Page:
In another life Neil Warnock would have been a detective. Not the Inspector Morse kind, his inspiration coming from a soundtrack of Wagner, but the in-your-face Columbo kind, always turning back and asking: "Just one more thing."
Just one more thing; Warnock wanted to know what happened to the towels at half-time. They were there for the first half, presumably to aid Stoke's trademark long throws, and had disappeared when his Queen's Park Rangers re-emerged after the interval. He had a prime suspect; a Welshman who hid under a baseball cap and went by the name of Pulis.
"So I went out and fetched my own towel," he said. "Then the ref came over and told us we couldn't do that. Then Stoke used the towel at the end and the ref told them they couldn't have it."
After a wild tackle on Joey Barton by Rory Delap, tensions were already high and the row over the towel saw the Stoke physio, Andy Davies, sent to the stands by the referee, Mike Jones.
"I think you either have the towels or you don't, you can't take them away because your team are losing," said Warnock, although what advantage Tony Pulis's side would gain from depriving Delap of his towel was not immediately clear. "I am going to find out where the law stands on this because it has to be clarified. I think it is a little bit childish that you change the goalposts at half-time."
At the start of the month, Warnock had seen the BBC apologise for his remarks that Rangers had "defended like fairies". Here, at perhaps English football's most unforgiving venue, they played like titans to the extent that when Heidar Helguson headed QPR's equaliser he held his hand not to the heavens but to a bruised and swollen eye-socket that had taken somebody's elbow.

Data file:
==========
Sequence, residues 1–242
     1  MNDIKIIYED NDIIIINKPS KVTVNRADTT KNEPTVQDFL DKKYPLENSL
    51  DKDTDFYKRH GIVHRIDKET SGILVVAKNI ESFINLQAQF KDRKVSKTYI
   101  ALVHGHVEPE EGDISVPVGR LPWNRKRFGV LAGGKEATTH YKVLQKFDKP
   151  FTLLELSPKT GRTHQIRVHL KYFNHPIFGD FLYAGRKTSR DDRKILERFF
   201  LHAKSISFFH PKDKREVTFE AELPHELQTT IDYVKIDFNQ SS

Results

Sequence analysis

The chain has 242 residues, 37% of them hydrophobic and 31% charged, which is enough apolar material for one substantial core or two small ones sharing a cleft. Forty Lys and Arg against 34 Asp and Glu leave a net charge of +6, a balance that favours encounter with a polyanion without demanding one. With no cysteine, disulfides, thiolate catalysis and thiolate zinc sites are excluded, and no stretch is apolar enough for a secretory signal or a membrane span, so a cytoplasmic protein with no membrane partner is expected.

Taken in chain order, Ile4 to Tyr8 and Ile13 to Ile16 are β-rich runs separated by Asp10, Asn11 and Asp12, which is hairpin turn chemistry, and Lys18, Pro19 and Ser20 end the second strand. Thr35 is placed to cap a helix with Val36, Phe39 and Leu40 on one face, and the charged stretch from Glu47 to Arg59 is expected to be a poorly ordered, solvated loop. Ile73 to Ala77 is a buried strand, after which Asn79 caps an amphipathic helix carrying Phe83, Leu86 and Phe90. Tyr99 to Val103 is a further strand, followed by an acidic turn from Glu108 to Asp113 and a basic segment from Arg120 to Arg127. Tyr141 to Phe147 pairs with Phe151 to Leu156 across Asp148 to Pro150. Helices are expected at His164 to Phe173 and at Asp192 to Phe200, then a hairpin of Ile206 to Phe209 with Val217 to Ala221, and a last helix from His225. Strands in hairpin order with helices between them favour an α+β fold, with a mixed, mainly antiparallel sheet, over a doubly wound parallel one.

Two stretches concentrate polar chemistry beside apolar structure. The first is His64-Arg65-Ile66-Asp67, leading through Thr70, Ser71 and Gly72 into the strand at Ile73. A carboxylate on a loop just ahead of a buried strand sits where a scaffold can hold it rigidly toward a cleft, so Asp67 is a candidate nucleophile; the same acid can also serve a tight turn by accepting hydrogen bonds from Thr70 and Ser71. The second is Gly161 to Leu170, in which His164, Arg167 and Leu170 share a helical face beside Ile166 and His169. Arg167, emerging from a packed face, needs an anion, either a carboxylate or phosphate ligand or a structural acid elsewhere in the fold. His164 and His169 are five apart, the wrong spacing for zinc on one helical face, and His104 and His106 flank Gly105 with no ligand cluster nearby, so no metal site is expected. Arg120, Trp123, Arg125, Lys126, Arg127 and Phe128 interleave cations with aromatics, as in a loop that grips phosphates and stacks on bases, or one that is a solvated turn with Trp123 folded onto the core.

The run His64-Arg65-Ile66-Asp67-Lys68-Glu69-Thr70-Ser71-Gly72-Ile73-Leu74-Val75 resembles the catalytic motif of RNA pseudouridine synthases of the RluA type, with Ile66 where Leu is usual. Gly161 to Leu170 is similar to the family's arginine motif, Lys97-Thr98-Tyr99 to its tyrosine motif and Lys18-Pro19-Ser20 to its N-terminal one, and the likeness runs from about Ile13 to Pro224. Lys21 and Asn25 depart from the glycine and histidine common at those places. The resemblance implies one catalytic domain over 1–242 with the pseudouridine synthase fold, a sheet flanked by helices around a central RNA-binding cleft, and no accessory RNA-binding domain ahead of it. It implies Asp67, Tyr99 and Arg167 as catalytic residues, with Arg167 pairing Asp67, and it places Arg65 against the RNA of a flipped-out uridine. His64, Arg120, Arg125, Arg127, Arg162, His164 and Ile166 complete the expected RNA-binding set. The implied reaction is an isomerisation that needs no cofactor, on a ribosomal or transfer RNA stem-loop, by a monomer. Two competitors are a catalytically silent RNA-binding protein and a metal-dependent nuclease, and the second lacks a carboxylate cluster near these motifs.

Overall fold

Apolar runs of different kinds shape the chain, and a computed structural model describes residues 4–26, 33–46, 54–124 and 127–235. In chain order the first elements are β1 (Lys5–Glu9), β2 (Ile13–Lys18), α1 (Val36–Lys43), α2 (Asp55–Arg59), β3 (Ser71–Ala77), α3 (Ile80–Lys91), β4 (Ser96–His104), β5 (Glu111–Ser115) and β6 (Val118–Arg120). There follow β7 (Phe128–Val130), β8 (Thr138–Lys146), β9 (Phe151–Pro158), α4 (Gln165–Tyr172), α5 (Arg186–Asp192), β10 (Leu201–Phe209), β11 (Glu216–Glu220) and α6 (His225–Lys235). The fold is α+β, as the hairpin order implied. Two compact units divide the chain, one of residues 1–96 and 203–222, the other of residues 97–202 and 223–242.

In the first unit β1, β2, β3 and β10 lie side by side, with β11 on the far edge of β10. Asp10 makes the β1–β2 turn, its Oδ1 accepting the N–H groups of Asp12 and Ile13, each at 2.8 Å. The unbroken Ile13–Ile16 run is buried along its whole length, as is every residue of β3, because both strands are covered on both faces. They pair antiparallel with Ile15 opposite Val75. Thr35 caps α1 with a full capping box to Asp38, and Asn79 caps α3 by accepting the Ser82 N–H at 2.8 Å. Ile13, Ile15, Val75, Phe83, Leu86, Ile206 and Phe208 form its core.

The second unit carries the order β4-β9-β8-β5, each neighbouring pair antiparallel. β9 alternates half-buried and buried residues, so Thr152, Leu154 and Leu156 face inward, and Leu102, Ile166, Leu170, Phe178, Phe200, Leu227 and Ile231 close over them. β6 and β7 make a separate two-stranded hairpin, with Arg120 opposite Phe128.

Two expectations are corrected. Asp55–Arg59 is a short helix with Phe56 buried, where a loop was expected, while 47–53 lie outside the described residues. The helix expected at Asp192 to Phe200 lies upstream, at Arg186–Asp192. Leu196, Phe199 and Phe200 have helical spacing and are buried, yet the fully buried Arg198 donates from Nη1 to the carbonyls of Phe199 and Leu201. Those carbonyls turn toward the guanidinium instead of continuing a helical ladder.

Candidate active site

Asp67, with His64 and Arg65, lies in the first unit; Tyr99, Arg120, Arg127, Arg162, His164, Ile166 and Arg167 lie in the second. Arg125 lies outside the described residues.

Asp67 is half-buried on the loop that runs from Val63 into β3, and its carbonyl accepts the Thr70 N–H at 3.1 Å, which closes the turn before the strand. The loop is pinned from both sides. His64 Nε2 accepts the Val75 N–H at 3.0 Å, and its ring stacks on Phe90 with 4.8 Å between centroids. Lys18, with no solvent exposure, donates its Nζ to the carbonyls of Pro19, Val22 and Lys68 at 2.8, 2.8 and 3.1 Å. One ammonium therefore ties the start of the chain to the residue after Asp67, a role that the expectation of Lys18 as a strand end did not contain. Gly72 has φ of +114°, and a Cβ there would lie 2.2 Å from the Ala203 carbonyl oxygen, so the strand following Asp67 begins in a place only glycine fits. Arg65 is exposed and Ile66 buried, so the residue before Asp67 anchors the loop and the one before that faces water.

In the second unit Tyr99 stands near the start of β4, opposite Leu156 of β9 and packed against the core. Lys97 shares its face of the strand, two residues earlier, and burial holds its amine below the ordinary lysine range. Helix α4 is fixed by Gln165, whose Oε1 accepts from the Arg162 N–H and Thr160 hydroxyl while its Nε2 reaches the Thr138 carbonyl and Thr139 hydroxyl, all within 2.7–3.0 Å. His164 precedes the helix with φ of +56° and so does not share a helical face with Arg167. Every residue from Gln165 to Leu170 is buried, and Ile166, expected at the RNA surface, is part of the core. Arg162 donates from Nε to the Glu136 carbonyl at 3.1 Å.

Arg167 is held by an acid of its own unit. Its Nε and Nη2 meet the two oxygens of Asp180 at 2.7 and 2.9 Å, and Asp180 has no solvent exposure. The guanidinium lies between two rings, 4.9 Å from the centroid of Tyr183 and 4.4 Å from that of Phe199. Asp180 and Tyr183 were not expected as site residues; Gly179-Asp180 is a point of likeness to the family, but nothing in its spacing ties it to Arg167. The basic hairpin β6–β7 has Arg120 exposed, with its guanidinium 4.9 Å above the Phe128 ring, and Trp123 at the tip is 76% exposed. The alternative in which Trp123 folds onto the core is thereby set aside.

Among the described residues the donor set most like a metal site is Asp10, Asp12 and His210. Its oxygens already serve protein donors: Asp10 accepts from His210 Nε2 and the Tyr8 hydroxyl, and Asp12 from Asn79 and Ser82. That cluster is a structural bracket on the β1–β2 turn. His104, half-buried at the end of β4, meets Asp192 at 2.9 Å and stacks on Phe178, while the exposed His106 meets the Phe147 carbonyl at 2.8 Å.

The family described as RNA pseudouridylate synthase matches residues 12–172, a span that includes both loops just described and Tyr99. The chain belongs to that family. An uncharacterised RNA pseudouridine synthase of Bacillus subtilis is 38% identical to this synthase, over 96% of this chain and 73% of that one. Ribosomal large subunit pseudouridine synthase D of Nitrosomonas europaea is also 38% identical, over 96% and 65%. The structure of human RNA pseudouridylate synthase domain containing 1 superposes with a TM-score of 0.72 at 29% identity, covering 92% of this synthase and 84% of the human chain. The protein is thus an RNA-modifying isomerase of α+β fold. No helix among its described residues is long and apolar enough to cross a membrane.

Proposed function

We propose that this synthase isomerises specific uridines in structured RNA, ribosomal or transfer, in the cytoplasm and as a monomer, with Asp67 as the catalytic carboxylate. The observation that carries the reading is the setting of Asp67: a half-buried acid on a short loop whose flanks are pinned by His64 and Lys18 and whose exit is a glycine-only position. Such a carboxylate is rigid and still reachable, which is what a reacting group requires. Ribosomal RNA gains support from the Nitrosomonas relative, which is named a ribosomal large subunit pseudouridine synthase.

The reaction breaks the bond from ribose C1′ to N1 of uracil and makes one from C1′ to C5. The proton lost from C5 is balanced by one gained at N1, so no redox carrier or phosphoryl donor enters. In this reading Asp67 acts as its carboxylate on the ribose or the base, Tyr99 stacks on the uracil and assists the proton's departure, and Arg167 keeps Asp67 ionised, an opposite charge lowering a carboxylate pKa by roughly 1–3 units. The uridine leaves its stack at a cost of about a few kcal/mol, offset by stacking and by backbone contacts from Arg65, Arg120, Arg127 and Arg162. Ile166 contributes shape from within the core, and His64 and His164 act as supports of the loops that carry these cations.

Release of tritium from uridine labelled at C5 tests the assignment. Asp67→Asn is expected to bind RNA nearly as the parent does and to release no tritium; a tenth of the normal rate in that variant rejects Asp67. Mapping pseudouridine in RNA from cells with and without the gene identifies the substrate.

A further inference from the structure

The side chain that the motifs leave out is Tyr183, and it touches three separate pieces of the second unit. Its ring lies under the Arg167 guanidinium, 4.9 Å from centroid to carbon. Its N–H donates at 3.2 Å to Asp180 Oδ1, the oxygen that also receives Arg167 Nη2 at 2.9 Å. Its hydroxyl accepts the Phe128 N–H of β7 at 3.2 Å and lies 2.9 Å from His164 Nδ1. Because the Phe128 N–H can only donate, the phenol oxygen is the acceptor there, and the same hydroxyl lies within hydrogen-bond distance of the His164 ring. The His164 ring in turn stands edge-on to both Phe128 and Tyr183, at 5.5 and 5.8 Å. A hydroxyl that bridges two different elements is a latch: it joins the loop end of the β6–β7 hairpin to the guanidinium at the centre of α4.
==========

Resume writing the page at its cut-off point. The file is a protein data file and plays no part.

"He could have left last season," Warnock said after a game in which the man from Iceland's northern shores had scored twice and might have had a hat-trick. "My previous owners did not want to retain him because of his age but I thought I could see a Kevin Davies in Heidar.
"Sometimes you spend money for the sake of it and I cannot imagine anyone playing as well as Heidar did here. You see his face after the game and, good-looking lad though he is, it looks as if he has gone 10 rounds with Cassius Clay."
Just one more thing; this was Stoke's fifth defeat in six matches and their second in succession at the Britannia Stadium, although given the way they started, QPR seemed likely to be overwhelmed before the interval. Pulis, who had dropped his keeper, Asmir Begovic, pointed to lapses of concentration and individual errors. Warnock thought the fixture list might have something to do with it, although why Stoke had been drawn away after every Europa League game would have taxed the detective in the gabardine mac.Reuse content